I've got a couple of BVP's I'm working on that are giving me some problems. First, I'm asked to solve the 1-D Heat Equation:(adsbygoogle = window.adsbygoogle || []).push({});

[tex]k \frac{\partial^2 u}{\partial x^2} = \frac{\partial u}{\partial t}[/tex]

in a thin rod of length L subject to the following:

BC1) u(0, t) = 0

BC2) u(L, t) = 0

IC) 2 different problems. For the first, [itex]u(x,0) = 1 - 2 cos(\frac{9 \pi x}{L})[/itex]. For the second, [itex]u(x,0) = 3 cos(\frac{9 \pi x}{2 L})[/itex].

I can separate this problem into:

[tex]\frac{X''}{X} = \frac{T'}{k T} = - \lambda[/tex]

easily enough and apply the 2 BC's to get:

[tex]u_{n} (x,t) = A_{n} \sin(\frac{n \pi x}{L}) \exp(\frac{-k n^2 \pi^2 t}{L}) , n=1,2,3,...[/tex]

My problem is with applying the Initial condition and solving for u(x,t):

[tex]u(x,t) = \sum \limits_{n=1} ^ {\infty} A_{n} \sin(\frac{n \pi x}{L}) = IC[/tex]

My book shows me how to do a half-range expansion here, but according to my professor, I shouldn't need to. He even sent us an e-mail changing one of the IC's "so it would be an eigenfunction." How do I get there from here? Is there some easy trig identity to convert those IC's to a sin function I'm just missing?

My 2nd question involves steady state heat conduction in a 2-D square plate of side L:

[tex]\frac{\partial^2 u}{\partial x^2} + \frac{\partial^2 u}{\partial y^2} = 0[/tex]

Subject To:

BC1) [itex]\frac{\partial u}{\partial x} = 0[/itex] at x = 0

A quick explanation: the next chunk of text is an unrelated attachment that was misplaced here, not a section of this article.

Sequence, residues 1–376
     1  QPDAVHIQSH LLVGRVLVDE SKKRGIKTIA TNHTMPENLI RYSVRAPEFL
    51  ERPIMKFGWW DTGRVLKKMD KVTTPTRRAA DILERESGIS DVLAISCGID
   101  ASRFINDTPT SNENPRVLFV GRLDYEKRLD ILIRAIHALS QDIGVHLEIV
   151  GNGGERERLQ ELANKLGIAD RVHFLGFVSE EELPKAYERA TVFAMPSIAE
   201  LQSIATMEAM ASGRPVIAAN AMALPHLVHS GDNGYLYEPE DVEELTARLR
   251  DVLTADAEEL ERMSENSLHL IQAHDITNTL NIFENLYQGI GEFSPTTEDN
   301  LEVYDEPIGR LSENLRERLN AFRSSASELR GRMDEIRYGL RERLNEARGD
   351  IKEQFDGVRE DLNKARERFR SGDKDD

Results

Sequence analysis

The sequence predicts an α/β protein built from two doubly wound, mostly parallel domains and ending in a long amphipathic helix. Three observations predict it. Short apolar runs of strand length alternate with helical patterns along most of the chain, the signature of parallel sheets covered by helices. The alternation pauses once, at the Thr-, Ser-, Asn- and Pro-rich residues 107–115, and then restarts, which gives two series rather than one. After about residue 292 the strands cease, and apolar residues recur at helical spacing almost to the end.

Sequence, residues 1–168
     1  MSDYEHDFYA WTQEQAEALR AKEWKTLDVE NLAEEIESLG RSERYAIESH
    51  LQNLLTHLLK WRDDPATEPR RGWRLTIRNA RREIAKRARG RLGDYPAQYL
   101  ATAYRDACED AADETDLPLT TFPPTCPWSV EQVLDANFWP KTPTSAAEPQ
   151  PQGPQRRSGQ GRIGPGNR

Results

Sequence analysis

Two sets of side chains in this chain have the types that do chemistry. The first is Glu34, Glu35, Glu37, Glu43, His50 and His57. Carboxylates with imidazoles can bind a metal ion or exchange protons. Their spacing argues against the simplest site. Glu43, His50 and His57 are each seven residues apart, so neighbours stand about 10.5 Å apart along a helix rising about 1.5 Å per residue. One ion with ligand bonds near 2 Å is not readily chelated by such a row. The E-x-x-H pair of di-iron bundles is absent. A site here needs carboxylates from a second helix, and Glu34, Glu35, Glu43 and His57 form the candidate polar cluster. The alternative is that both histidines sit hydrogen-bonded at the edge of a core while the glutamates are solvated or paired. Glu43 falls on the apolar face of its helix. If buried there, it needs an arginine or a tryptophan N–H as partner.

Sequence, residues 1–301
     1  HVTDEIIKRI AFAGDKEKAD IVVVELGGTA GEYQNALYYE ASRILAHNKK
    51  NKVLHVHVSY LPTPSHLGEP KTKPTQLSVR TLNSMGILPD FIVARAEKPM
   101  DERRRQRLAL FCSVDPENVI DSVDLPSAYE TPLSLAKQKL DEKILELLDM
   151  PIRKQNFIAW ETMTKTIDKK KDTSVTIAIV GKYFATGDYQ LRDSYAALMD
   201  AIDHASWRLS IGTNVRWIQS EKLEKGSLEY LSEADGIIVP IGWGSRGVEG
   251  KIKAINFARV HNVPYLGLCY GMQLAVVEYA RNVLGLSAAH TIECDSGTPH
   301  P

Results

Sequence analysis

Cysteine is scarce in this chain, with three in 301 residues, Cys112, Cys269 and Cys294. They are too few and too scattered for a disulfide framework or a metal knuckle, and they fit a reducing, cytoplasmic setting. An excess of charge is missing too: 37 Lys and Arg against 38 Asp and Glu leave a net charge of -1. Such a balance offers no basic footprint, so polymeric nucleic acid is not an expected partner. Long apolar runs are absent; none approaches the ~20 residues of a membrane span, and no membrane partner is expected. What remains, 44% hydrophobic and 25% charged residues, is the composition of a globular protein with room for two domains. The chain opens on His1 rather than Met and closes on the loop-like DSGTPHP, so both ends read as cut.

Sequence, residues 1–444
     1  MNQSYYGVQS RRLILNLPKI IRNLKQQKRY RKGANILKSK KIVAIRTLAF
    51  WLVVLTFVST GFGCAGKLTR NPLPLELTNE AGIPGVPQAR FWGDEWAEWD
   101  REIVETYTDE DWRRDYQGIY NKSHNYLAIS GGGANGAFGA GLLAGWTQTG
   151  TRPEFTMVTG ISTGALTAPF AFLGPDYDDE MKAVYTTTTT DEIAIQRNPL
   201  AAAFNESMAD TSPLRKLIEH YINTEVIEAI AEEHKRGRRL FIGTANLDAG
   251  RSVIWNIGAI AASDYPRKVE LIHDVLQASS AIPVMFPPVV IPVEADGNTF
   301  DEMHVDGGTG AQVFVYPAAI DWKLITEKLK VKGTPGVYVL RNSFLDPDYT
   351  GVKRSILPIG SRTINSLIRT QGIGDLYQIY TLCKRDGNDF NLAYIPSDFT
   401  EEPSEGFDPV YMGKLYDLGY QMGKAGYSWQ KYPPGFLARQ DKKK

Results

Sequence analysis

BC2) [itex]\frac{\partial u}{\partial x} = 0[/itex] at x = L

BC3) [itex]\frac{\partial u}{\partial y} = 0[/itex] at y = 0

BC4) u(x,L) = 5

I separate the Laplacian into:

[tex]\frac{X''}{X} = \frac{-Y'}{Y} = - \lambda[/tex]

and solve using the first 3 BC's, I get [itex]X = c_{1}[/itex] and [itex]Y = c_{4}[/itex] for [itex]\lambda = 0[/itex] and

[tex]

X(x) = c_{2} \sin(\frac{n \pi x}{L}) [/tex]

[tex]Y(y) = c_{4} \cosh(\frac{n \pi y}{L})[/tex]

for [itex]\lambda > 0[/itex].

Using superposition, I end up with:

[tex]u(x,y) = A_{0} + \sum \limits_{n=1} ^ {\infty} A_{n} \sin(\frac{n \pi x}{L}) \cosh(\frac{n \pi y}{L})[/tex]

When I apply the final BC, u(x,L) = 5, I end up with a solution of u(x,y) = 5. I guess I'm just looking for some sanity checking here. I can certainly see how u = 5 works here, but is it theonlysolution?

Thanks in advance,

Grogs

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# Homework Help: Need help with a couple of BVP's.

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